Even though Covid-19 is a convenient scapegoat, the article makes clear there are serious issues to be resolved, like US agricultural good access to the UK market (no chlorinated chicken!) and protecting the NHS (no US privatization). This is consistent with what we’d warned. Yes, the US regularly does bi-lateral trade deals in less than a year….because it dictates terms and allows for negotiations only at the margin. Donald Trump was almost licking his chops when the talked about giving the UK a “great” trade deal. He read Johnson as in need of a fast deal to create the appearance of momentum, which would give the US even more leverage. But British farmers and MPs, who have to approve the deal, made a stink. And someone on the UK side apparently ran some numbers. Again from the Financial Times: “Leaked government forecasts suggest a trade deal with the US could benefit UK economic output by about 0.2 per cent in the long term.”
How about Japan? A note in the Financial Times on the 14th said the stipulated timetable meant the two sides had only 2 1/2 weeks to settle the main terms if they were to get done by year end. Japan wants tariff cuts, particularly zero on cars, an investment protection provision and a digital trade agreement. Japan is clearly using the UK’s sense of urgency to Japan’s advantage. From the Financial Times:
The deal will also be conspicuous for what is not in it. [Lead negotiator Hiroshi] Matsuura said the shortness of time meant both sides would have to “lower their ambitions”. In practice, that is likely to mean there is nothing much in areas of UK trading strength such as legal and financial services. It will certainly mean zero quotas for UK exports in sensitive areas such as agriculture — it is up to London to argue with the EU for a share of its existing quota for barley or cheese. “Why should we give now to a country that doesn’t have real agricultural access in Japan?” said a participant.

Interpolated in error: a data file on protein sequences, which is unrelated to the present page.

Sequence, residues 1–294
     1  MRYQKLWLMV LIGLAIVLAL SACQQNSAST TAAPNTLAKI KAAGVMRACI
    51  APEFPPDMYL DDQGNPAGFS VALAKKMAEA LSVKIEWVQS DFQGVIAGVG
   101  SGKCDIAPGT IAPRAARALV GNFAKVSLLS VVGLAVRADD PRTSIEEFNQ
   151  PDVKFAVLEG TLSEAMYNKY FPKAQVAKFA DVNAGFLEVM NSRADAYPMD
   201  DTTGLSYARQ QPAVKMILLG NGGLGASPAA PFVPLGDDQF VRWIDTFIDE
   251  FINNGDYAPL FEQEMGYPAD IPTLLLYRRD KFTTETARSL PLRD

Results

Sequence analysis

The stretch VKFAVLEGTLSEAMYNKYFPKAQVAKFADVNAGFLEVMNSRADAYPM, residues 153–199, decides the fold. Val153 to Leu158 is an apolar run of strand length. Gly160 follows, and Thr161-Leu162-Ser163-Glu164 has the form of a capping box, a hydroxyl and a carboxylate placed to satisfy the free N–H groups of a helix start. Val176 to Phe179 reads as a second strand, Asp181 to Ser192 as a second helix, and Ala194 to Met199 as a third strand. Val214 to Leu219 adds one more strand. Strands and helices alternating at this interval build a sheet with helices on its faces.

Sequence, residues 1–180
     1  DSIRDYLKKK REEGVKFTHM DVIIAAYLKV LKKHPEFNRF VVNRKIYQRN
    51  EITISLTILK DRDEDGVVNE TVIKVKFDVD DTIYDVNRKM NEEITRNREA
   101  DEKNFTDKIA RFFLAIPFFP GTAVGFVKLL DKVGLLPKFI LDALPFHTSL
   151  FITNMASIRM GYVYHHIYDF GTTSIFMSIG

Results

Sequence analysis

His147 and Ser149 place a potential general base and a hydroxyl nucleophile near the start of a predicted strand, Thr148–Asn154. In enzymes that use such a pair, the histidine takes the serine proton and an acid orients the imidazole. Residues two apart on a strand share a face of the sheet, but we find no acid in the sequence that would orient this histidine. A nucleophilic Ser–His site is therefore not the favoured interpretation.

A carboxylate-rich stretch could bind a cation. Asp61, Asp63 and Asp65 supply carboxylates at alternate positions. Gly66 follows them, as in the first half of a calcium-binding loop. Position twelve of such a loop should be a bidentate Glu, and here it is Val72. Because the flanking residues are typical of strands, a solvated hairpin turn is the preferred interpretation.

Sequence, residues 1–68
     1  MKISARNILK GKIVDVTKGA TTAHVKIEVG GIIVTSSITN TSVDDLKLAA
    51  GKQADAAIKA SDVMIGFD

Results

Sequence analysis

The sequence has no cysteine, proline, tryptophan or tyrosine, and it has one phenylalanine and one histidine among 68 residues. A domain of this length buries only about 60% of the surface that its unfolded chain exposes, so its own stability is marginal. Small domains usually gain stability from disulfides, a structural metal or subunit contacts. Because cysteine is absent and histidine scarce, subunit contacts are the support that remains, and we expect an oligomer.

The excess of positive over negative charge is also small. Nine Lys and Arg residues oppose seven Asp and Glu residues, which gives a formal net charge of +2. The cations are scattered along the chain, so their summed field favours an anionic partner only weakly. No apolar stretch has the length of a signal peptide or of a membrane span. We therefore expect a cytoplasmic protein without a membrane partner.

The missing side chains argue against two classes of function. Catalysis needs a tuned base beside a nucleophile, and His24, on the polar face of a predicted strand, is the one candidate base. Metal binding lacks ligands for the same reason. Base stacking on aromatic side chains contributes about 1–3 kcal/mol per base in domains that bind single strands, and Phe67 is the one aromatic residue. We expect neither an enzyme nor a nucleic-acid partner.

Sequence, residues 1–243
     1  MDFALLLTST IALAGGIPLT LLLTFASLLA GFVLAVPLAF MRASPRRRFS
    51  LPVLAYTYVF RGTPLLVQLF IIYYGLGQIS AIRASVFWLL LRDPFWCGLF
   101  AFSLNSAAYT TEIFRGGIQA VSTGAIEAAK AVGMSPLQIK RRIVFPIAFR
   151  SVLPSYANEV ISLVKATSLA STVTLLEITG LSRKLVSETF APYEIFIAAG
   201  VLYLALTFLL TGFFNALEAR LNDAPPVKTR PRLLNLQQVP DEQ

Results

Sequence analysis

The ace in its hand, Japan believes, is rules of origin. “With 28 countries, the rules of origin worked very much in favour of the 28,” said a participant. Under the EU-Japan deal, parts originating anywhere within the EU counted for the purpose of reduced tariffs; unless Japan agrees that can continue then, for example, Scotch whisky in a bottle from France might not count as a UK product. “The UK has a very integrated supply chain with Europe,” said a participant. Tokyo is betting that London will want that to continue.
PlutoniumKun has said Brexit has a 1914, sleepwalking into a disaster feel to it. I can’t comprehend how the powers that be in the UK are so complacent. The UK business community was evidently too cowed to speak up and seems to regard itself as still powerless. The public appears to have woken up to the fact that the miasma of what Brexit might be has coalesced into the Ultra’s version, which polls now show gets 60/40 opposition. Yet the Government doesn’t care, secure in the Fixed Term Parliament Act difficulty of ousting it. And is Johnson unconcerned about his legacy? Overly confident in some sort of Singapore on the Thames personal enrichment opportunity? So self deluded that he still believes what he is selling?
We commented some time ago on Brexit being a game of chicken. The UK is now past the point where it can change its trajectory. The best it can pull out of this mess is a bare bones tariffs and quotas deal, and that will only soften the shock a bit.